Lake Junaluska
Great Smoky Mountains National Park: An American Treasure
Visit a Cherokee living history museum, walk a section of the Appalachian Trail, learn about the region’s ecosystems and see for yourself what makes the Smoky Mountains so great.
Rating (4.5)
Program No. 20552RJ
6 days
Starts at
6 days
5 nights
14 meals
5B 4L 5D
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Getting There
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At a Glance

Join historians, naturalists and other local experts on a learning adventure in Great Smoky Mountains National Park, exploring not only the iconic destinations in the most visited park in the nation, but also the lesser-known gems the average visitor might miss. Learn about the human history and exploration of the Great Smokies on visits to Newfound Gap and Mingus Mill in the Oconaluftee River Valley. Gain insight into ongoing environmental conservation efforts at an elk preservation project and a National Park Service research station. Summit Clingmans Dome to look out from the highest point of the park, Tennessee and the Appalachian Trail. Hear tales of the mountains, identify edible plants and much more as you soak up the majesty of nature in this spectacular park.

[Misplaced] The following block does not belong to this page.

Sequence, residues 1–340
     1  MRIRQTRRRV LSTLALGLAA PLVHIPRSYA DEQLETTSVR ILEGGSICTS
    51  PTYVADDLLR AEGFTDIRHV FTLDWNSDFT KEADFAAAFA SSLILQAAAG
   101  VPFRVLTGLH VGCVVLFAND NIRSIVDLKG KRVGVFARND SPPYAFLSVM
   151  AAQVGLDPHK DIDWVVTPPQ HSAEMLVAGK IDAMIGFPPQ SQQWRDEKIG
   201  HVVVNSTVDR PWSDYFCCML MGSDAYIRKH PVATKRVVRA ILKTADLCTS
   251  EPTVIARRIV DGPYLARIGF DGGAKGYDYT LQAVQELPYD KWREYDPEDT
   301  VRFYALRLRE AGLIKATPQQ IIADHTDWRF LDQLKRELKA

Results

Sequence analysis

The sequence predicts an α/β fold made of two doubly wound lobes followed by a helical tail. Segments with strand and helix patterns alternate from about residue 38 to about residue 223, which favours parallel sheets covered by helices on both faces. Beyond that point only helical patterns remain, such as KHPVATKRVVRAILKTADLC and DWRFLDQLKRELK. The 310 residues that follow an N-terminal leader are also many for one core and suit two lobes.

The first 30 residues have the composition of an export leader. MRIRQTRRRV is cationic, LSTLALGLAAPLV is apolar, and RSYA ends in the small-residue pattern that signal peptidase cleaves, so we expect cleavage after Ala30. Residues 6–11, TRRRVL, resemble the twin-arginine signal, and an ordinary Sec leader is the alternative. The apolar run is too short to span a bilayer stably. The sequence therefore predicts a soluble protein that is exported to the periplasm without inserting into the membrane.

Activity Level
Walking up to four miles over uneven terrain. Elevations above 5,000 feet.

Best of all, you'll ...

  • See how the Cherokee lived 250 years ago on a visit to Oconaluftee Indian Village.
  • Visit a historic Civilian Conservation Corp camp site which had been in use during the construction of the Blue Ridge Parkway, and learn the history of logging in the forest where portions of cables and rails remain.
  • Observe protected elk in Cataloochee Valley and search for salamanders at Purchase Knob.
Featured Expert
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Lee Knight
Raised in the Adirondack Mountains of upstate New York, Lee is a folk singer, story teller and outdoor leader, performing at concerts, workshops, festivals and schools. He shares his knowledge of the natural world leading hikes, canoe trips and guiding whitewater rafts. Lee has collected and shares Cherokee legends and plays the Cherokee flute and rattle, as well as the Native American drum. He also plays the five-string banjo, guitars and the Appalachian dulcimer.
Lee Knight
Susan Sachs